Gio Moimoi drives to the basket for Kentridge. Ben Ray / The Reporter

Gio Moimoi drives to the basket for Kentridge. Ben Ray / The Reporter

Summer league spotlight: Kentridge and Kentwood boys hoops

“It has been a night and day difference from year one to now.”

As he heads into his second season, Kentridge High School head basketball coach Zac Webb is seeing massive improvements from year one to year two.

“It has been a night and day difference from year one to now,” Webb said.

In his second summer league as the Chargers’ head coach, his squad made it to the semifinals and lost in a close game to Auburn — a game that, last year, would have been over in the first quarter.

Despite losing in the semifinals and having a 7-14 record last season, the Chargers are on their way up this season. Throughout the summer and in various tournaments, Kentridge has played at the level of their competition, which is a huge improvement for Webb and was quite surprising to him as well.

Outside of their first game of the summer against 1A juggernaut Annie Wright, the Chargers are learning how to win and lose for that matter.

“We are learning how to win and losing the right way. We are ticked off when we lose… It has been a process and the ‘buy in’ has been night and day from last year,” Webb said.

In terms of players making an impact over the summer, Webb could go in many directions to say who has impressed him the most. A multitude of Kentridge players have put in time since Feb. 10 to improve their skillset. But three have stood out.

Senior Amare Brown is one of them. Brown has had a lightbulb go off this offseason and as a coach, that is what Webb is all about.

“He has really come out and has been a force on the floor… He’s one of the best defenders in our league,” Webb said.

Another player for the Chargers is junior Gio Moimoi. Webb wanted him to take a step as a leader for Kentridge. He was the lone all-league player for the green and gold and as that best player, his voice carries a lot of weight in that locker room.

“Everyone knows you’re the guy. But now you have to embrace that and now lead from that. When you speak it is different than when other guys speak… He’s done an awesome job,” Webb said.

The third player is junior Troy Keowla for the Chargers. After splitting his time between varsity and junior varsity in his sophomore season, he has found his place as the main ballhandler for Webb’s side. It was something off the floor that impressed Webb in a summer game at Curtis.

“He was leading the huddle, I didn’t even have to say anything… I was like that is a dawg. Guys respect the heck out of him,” Webb said.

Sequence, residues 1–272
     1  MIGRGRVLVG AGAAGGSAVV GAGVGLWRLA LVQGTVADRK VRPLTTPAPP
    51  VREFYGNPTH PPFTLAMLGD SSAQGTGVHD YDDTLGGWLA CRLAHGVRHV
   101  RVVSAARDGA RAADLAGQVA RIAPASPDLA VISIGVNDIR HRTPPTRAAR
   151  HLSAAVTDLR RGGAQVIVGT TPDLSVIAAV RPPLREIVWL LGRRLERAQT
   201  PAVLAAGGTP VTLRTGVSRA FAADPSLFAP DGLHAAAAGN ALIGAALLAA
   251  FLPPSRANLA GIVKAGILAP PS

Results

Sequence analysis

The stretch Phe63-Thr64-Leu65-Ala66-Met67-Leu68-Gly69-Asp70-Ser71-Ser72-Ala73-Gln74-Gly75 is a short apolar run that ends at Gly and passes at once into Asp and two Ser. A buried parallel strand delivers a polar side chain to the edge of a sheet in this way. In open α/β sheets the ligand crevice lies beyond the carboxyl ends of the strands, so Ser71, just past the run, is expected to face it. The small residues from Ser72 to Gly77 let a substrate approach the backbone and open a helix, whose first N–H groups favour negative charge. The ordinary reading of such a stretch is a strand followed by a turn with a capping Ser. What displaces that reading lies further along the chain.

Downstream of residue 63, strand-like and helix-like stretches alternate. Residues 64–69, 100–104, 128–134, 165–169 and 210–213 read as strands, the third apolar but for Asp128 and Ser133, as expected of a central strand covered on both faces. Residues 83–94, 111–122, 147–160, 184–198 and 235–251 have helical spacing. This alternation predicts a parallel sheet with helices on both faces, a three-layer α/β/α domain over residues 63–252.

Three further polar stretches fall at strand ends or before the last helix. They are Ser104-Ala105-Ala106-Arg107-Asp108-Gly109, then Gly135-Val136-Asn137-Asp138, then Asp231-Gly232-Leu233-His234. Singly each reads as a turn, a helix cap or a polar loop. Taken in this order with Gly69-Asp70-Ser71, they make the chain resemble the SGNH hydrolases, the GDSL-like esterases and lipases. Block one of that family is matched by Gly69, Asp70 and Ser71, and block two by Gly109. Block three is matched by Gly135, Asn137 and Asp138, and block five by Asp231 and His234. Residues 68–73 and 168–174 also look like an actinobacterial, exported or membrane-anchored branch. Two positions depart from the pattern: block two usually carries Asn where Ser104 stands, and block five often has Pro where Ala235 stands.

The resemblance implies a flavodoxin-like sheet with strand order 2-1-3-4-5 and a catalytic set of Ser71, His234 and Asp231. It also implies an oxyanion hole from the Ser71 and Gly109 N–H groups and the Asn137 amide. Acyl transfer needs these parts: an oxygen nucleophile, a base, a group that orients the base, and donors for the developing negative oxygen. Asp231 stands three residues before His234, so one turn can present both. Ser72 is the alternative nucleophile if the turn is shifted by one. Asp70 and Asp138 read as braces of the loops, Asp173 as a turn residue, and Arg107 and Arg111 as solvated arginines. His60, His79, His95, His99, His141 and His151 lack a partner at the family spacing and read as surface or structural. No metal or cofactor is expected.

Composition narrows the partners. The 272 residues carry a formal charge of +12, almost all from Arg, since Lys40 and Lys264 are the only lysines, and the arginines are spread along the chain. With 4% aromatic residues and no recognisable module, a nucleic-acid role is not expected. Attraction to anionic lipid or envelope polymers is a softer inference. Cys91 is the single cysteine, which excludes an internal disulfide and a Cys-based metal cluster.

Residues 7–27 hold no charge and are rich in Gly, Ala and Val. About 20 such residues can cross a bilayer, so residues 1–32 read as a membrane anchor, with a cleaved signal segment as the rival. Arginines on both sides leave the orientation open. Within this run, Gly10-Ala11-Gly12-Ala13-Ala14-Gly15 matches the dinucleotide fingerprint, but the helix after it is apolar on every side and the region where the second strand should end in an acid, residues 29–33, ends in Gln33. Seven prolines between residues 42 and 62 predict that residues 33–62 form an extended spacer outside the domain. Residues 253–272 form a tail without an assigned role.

Even as a program, the Chargers are turning heads. At the Auburn summer league, along with the varsity level, there is also a junior varsity and a C-team series. The only other school to have their team in all three semifinals was Auburn, which is a benchmark that Webb attributes to his players and coaches.

“It just shows the talent we got. But it also shows that our standards are starting to get a little higher. There is program-wide accountability and a buy-in at all levels,” he said.

Kentwood

Kentwood boys basketball were one of the more impressive teams in the state tournament just four months ago.

A team with a single senior, lots of youth and talent went on a run, taking fourth in a convincing win over Skyview.

This year, Kentwood is looking to take that next step forward and become a threat for a possible state championship.

“This summer was big for us finding out what some of our youth can do,” said Blake Solomon, head coach.

The three-headed monster of Brandon Tagle, Corey Tita and Mason St. Louis have another year of experience under their belt and are poised to lead Kentwood on another run.

“Mason just played really, really hard and he did a good job of being that engine for us. Brandon becoming an upperclassman has helped him become vocal. All that stuff is going to be needed in the winter,” Solomon said.

Tita came to Solomon with a request right at the start of the offseason that let Solomon know that he is ready to take that next step: “He came to me and said he wanted to guard the best player on the other team every day. To me, that is a leadership quality to take that challenge.”

Over the summer, Solomon’s goal has been to find his bench — find guys to supplement his starting five and really maximize this window that the Conks have found themselves in.

“Everybody looks at us as a group with a ton of experience because we returned four of our starters. But nobody else who played this summer had played varsity before,” Solomon said.

The Conks made it to the championship of the Auburn High School summer league, but Solomon wasn’t able to see the final half of the game because he was ejected by an official for his first ever ejection.

But that one downfall wasn’t going to subtract from what was a really productive summer for Solomon and the Conks. Caleb Ross and Jacob Bell were highlights from this productive summer.

“I thought they showed that when winter comes, they are going to be even better. The goals that we have are still attainable because of their development and how they will help us out,” Solomon said.


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Brandon Tagle holds the finish of a three-pointer. Ben Ray / The Reporter

Brandon Tagle holds the finish of a three-pointer. Ben Ray / The Reporter

Corey Tita in action against Stadium at Auburn High School for a summer league matchup. Ben Ray / The Reporter

Corey Tita in action against Stadium at Auburn High School for a summer league matchup. Ben Ray / The Reporter

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